However, for his next writing endeavor Casey deviated from the non-fiction, informative style of writing in Commonsense Engineering. Casey published his first novel, The American Family Robinson, in June 2016. Despite the different genres of these two books, Casey said his writing style was similar in both.
“I tried to make it half written style and half conversational. You don’t want to make it all conversational because that doesn’t read well as a book but I also didn’t want it to read like a textbook,” he said. “The writing style [between the two books] was not much different.”
Casey first started writing the novel as a way to pass time while frequently traveling for work. After writing a few thousand words his wife Sarah read it and encouraged him to finish.
Even though his granddaughter is the inspiration for the book’s main character, Rose, Casey decided to make the setting roughly a century before she was born.
“I made it far enough away in time [early 20th century] that I could make observations without sounding too critical,” he said. “In modern times there’d be more focus on scandals and hyperbole and everything that goes on nowadays so I thought a simpler time would be easier to write.”
The book follows Rose and her two brothers who were orphaned at an early age and who find that they must stick together to get through the tough times.
“The core of the book is how in my opinion the glue that has held civilization together for thousands of years is really the core family unit. The book is really about how these three kids tried to keep their family together in difficult times,” said Casey.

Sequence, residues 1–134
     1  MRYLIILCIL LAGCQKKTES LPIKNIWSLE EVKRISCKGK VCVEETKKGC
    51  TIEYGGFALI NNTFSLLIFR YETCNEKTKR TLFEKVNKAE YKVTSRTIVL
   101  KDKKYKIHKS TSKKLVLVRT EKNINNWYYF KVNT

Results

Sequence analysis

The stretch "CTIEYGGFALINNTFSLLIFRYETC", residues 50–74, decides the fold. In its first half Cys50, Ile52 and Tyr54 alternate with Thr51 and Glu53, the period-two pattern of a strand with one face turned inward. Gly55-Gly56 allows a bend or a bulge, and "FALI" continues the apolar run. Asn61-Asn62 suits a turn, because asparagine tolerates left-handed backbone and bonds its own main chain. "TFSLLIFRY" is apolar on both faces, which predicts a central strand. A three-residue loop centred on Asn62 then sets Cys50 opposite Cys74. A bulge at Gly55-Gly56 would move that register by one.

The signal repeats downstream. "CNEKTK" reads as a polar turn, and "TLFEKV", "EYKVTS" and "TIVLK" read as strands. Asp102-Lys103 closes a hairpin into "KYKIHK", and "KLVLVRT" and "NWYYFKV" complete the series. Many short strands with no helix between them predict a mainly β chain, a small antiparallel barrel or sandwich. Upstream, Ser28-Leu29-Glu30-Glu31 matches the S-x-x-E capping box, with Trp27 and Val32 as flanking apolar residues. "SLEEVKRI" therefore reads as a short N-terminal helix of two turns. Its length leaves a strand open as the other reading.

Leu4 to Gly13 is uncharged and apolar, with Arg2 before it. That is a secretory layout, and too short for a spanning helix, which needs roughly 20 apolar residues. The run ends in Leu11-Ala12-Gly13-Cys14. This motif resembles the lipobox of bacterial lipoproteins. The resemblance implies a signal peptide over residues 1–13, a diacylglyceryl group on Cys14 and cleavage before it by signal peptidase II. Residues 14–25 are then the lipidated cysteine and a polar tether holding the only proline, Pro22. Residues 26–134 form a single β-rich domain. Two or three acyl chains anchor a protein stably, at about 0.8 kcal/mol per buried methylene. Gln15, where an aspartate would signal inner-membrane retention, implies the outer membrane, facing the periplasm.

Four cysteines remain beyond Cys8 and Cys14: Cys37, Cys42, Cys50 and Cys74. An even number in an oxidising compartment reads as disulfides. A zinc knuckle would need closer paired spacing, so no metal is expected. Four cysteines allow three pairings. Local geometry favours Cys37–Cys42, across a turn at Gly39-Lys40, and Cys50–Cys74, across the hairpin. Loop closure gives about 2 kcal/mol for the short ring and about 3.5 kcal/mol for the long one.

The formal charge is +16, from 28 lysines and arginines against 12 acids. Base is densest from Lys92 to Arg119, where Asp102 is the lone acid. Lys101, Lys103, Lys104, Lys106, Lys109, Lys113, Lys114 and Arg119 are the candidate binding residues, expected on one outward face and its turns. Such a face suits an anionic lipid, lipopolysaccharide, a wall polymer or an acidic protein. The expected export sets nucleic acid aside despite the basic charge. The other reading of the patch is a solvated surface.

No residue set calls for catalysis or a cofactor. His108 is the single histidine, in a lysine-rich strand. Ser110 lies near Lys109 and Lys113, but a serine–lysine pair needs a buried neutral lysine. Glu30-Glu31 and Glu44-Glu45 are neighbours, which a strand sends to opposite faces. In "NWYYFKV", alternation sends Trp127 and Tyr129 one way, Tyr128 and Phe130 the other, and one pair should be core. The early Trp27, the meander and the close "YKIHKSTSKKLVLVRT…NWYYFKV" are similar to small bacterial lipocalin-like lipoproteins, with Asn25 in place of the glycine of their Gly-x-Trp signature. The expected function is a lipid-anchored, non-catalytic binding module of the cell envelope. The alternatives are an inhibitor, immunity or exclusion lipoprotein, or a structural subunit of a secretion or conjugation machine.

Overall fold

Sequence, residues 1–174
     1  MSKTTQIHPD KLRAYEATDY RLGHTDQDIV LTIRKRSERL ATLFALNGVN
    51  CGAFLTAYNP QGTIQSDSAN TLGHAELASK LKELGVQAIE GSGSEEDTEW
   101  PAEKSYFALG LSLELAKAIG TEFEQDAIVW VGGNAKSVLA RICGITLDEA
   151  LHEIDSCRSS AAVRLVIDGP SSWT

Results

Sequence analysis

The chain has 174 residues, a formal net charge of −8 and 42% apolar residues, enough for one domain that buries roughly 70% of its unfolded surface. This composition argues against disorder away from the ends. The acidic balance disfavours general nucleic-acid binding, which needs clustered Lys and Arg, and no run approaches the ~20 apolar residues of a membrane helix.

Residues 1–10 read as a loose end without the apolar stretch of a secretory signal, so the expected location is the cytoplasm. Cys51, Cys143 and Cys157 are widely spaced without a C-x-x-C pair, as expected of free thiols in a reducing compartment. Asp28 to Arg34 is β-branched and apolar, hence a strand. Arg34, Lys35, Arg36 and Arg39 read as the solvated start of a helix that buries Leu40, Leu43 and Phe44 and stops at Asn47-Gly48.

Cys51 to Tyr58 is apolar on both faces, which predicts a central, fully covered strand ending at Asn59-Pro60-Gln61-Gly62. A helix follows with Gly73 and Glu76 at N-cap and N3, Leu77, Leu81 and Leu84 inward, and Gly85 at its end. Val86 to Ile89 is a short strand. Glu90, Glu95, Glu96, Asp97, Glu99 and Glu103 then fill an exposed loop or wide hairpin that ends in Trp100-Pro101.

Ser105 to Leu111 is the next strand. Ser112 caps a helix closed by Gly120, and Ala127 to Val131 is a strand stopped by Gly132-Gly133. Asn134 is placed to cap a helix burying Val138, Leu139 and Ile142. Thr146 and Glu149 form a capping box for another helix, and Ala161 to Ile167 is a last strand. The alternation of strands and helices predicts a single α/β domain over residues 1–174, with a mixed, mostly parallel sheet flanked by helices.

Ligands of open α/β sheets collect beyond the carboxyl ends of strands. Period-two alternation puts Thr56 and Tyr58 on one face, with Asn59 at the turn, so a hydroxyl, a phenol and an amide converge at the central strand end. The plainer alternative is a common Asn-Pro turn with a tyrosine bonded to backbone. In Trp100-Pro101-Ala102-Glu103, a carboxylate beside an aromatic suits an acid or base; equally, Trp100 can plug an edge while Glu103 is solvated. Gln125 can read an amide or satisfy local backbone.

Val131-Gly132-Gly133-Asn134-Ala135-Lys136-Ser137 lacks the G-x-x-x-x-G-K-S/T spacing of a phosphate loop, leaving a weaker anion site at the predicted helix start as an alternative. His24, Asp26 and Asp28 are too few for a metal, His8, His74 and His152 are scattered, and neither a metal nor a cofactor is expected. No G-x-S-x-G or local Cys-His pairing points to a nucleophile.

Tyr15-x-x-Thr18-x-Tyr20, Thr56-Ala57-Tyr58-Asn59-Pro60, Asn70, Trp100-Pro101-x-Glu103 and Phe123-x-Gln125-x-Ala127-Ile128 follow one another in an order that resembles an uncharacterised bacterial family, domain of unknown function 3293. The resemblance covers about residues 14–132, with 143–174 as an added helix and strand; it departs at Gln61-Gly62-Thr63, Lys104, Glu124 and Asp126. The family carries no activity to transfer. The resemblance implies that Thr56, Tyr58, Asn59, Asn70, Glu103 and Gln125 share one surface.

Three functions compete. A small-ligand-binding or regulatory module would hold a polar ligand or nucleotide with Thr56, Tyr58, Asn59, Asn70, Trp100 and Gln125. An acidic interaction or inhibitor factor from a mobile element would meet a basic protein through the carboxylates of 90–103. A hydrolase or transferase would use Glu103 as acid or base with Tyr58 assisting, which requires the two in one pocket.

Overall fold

Another thing Casey focused on while writing the book was being as factually accurate as possible.
“My pet peeve in all books and movies is to see something they could have gotten right but screwed up because they didn’t do just five minutes of research to make it accurate,” he said.
One example of this factual accuracy came during a part in the book when Rose rides in a Ford Model-T car. Casey writes that Rose struggles to find the door handle to get into the car, not realizing that the handle is actually on the inside of the car, which is how that model of Model-T was actually designed.
Another example Casey pointed to was that he was accurate during a scene in a science classroom where the students learn about ice density. In addition to being accurate, Casey felt that these were things that a young character might observe anyway, which worked for the book since it was written from Rose’s perspective.
Though he’s an engineer by trade, Casey said he thinks it’s critical for engineers to be able to write and communicate effectively. He said that nowadays engineers need to be both the engineer and the salesperson.
“You’re not necessarily selling to a customer but you’re selling to your boss, you’re always selling,” he said. “Too many people try to sell themselves. That’s not what you’re trying to do. You’re trying to sell the idea, not yourself.”
He added that he thinks it would be good to teach effective writing and communication skills and strategies as part of the engineering curriculum.
“The whole idea of strong writing and communication skills is critical for an engineer.”